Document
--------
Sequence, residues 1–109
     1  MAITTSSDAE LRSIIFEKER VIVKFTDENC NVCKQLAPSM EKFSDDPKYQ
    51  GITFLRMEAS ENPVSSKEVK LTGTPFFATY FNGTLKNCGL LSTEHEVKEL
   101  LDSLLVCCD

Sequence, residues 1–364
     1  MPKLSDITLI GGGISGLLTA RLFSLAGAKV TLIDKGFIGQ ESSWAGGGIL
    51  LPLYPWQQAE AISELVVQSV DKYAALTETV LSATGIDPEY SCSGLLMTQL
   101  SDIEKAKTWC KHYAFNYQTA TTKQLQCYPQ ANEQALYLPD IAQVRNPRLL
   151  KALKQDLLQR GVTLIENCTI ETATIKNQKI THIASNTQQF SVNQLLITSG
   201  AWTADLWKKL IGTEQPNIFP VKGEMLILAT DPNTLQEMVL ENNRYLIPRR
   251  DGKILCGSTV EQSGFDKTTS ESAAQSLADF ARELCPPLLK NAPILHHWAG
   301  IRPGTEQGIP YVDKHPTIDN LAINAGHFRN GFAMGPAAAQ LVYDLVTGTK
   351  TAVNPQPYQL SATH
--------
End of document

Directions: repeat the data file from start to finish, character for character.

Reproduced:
Sequence, residues 1–109
     1  MAITTSSDAE LRSIIFEKER VIVKFTDENC NVCKQLAPSM EKFSDDPKYQ
    51  GITFLRMEAS ENPVSSKEVK LTGTPFFATY FNGTLKNCGL LSTEHEVKEL
   101  LDSLLVCCD

Sequence, residues 1–364
     1  MPKLSDITLI GGGISGLLTA RLFSLAGAKV TLIDKGFIGQ ESSWAGGGIL
    51  LPLYPWQQAE AISELVVQSV DKYAALTETV LSATGIDPEY SCSGLLMTQL
   101  SDIEKAKTWC KHYAFNYQTA TTKQLQCYPQ ANEQALYLPD IAQVRNPRLL
   151  KALKQDLLQR GVTLIENCTI ETATIKNQKI THIASNTQQF SVNQLLITSG
   201  AWTADLWKKL IGTEQPNIFP VKGEMLILAT DPNTLQEMVL ENNRYLIPRR
   251  DGKILCGSTV EQSGFDKTTS ESAAQSLADF ARELCPPLLK NAPILHHWAG
   301  IRPGTEQGIP YVDKHPTIDN LAINAGHFRN GFAMGPAAAQ LVYDLVTGTK
   351  TAVNPQPYQL SATH